Counter move: In the continuing Epic Vs Big Tech saga, Google has countersued the Fortnite maker for breaking contractually agreed rules whilst listing on the app store. 

Screeching halt: Typhoon Kompasu brought Asian financial hub Hong Kong to a standstill on Wednesday, with even stock markets shutting down. 

TaMo’s EV push: Tata Motors is upping the focus on its $9.1 billion electric vehicle business after a $1 billion funding by private equity firm TPG and Abu Dhabi’s ADQ. 

Project red card: Hundreds of professional footballers are threatening legal action against major gaming, betting, and sports data companies over the allegedly unlawful use of personal information and performance statistics.


Toxic Blue Origin: Jeff Bezos’ aerospace firm Blue Origins, which took - the - William Shatner on a trip to space yesterday, may look like a dream employer from the outside. But in reality, the workplace is a toxic cocktail of sexism, harassment and inappropriate behaviour, according to this investigation by The Washington Post which is owned by Bezos himself.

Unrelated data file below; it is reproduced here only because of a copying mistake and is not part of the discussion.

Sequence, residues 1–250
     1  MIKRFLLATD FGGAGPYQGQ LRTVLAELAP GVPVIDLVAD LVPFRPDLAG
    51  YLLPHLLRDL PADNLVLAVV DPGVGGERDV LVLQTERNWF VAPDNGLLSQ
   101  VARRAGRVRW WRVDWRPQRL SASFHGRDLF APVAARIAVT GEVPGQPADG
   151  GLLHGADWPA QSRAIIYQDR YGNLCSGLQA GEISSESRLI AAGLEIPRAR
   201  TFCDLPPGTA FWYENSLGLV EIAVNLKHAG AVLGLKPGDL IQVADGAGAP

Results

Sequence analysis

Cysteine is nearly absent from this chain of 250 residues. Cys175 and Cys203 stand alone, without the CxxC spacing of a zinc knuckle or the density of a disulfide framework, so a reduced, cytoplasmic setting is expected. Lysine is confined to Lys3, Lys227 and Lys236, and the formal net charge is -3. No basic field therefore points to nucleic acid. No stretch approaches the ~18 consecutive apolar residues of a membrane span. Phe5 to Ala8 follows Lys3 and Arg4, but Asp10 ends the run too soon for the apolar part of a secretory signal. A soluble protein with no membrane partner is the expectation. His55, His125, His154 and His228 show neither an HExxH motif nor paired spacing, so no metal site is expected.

It’s personal: Apart from the allegations made by whistleblower Frances Haugen, Facebook is also facing legal heat in countries such as Australia. The country’s deputy prime minister Barnaby Joyce is now forcing his government to impose accountability on US social media firms. Both Barnaby’s and Haugen’s resolve to tame the company hardened after witnessing social media toxicity first hand. 

Shanghai Don: Rags to riches was the story of Shanghai underworld don Du Yuesheng. This piece chronicles Du’s journey from an opium dealer, criminal brotherhood of Green Gang to becoming the region’s most influential business tycoon. Unfortunately, today his contribution is overlooked. 

Correction: Contrary to what was mentioned in our edition of October 13, Gaana HotShots is not functional. We apologize for the error.